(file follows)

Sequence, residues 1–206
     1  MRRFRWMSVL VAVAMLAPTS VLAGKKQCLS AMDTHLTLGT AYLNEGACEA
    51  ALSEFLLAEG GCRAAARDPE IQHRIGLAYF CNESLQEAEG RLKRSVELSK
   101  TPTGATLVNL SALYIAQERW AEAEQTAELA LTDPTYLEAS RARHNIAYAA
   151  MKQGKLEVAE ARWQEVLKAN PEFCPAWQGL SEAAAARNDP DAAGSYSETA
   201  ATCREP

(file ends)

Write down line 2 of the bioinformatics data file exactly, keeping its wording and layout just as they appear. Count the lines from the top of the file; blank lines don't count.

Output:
     1  MRRFRWMSVL VAVAMLAPTS VLAGKKQCLS AMDTHLTLGT AYLNEGACEA